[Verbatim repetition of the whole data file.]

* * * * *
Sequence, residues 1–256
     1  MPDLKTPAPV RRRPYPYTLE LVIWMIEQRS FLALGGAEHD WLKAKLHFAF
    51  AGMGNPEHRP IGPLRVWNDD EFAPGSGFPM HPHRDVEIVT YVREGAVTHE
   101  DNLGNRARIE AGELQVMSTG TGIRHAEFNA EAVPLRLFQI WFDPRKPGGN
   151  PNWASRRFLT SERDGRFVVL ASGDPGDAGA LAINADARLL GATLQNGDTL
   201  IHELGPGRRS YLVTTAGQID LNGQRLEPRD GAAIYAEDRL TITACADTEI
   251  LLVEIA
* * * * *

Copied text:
Sequence, residues 1–256
     1  MPDLKTPAPV RRRPYPYTLE LVIWMIEQRS FLALGGAEHD WLKAKLHFAF
    51  AGMGNPEHRP IGPLRVWNDD EFAPGSGFPM HPHRDVEIVT YVREGAVTHE
   101  DNLGNRARIE AGELQVMSTG TGIRHAEFNA EAVPLRLFQI WFDPRKPGGN
   151  PNWASRRFLT SERDGRFVVL ASGDPGDAGA LAINADARLL GATLQNGDTL
   201  IHELGPGRRS YLVTTAGQID LNGQRLEPRD GAAIYAEDRL TITACADTEI
   251  LLVEIA